My favourite digital myths II

5. "To do anything in the e-market you need to be a techie/under 25/a futurologist/from Mars"

Arcane details of print technology are lost on most publishers, but that doesn't stop us setting print runs. A study by the Centre for Information Behaviour and Evaluation of Research (CIBER)  found differences between the ‘digital native' young and older people in digital skills are small, and that many young people lack information literacy skills.

6. "We're all doomed"

It's not just the clinically depressed who worry about piracy: legal action against offending sites is ongoing. But industry standard software should protect content from all but a tiny proportion of hackers – which cannot be said for books.

Will everything become free online, as Chris Anderson argues in his new book (£18.99)? Business models then should include selling advertising online and promoting the sale of print copies. Anderson argues that ‘price falls to the marginal cost'; but actually the incremental cost of putting titles online is not nothing.

7. "We're all going to be unimaginably rich"

This is the flipside of 6. Manic over-optimism results in alarming symptoms including commitment to over-complicated digital asset management and e-commerce systems that are totally out of proportion to the resources, needs, and commercial opportunities of a small publishing company.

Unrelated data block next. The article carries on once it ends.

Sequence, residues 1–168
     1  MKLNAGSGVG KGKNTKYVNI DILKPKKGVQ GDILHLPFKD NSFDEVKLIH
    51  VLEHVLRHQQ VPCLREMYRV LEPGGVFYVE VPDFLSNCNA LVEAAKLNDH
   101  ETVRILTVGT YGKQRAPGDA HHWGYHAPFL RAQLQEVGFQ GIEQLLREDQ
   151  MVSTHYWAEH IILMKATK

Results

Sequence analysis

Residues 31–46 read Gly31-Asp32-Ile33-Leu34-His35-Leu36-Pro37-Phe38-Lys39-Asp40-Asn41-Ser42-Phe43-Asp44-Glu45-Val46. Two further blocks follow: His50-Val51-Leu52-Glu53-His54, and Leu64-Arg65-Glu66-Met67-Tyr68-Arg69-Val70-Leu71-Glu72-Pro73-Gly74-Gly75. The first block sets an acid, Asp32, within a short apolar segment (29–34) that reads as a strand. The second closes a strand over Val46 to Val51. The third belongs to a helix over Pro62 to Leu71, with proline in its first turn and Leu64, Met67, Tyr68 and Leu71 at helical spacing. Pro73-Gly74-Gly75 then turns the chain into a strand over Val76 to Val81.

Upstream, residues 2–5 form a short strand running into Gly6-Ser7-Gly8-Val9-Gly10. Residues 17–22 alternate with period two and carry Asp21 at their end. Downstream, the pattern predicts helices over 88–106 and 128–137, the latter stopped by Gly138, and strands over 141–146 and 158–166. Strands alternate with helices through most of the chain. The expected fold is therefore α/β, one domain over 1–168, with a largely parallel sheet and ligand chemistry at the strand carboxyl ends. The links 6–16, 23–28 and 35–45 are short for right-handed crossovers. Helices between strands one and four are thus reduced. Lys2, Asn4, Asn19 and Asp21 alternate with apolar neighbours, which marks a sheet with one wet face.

8. "E-books are cannibalising print sales – so we shouldn't do anything"

O'Reilly found no evidence of cannibalisation—yet. See also, for pirates, cannibals, and beautiful princesses. But at least in the US library market there's a danger of commanding the sea to retreat: a strong trend towards digital is strengthened by budget cutbacks—if a library can become more virtual it can open for shorter hours with fewer staff.  It isn't rational to refuse to supply this market, and just leave it to your competitors.

9."People read the same way online – so we needn't change anything"

Research from CIBER has found that academics do not spend hours studying individual articles or chapters but enter a search term and ‘bounce' around looking for interesting content (Information World Review, November 2008). Similarly, consumers will expect to connect easily to associated content (and possibly to people with similar interests), and online content to be updated.
This has fundamental implications for the publisher's job and the way content is organised.

10. "You have to be big"
Because some big publishers have exclusive direct online platforms, aggregators and e-book vendors are all the keener to deal with independents.

The web presents wonderful opportunities for overthrowing the tyranny of big broadcasting muscle by targeting niche markets. It's also a natural environment for alliances and collaborations of all sorts.

Independent publishers digitise – you have nothing to lose but your mythological chains!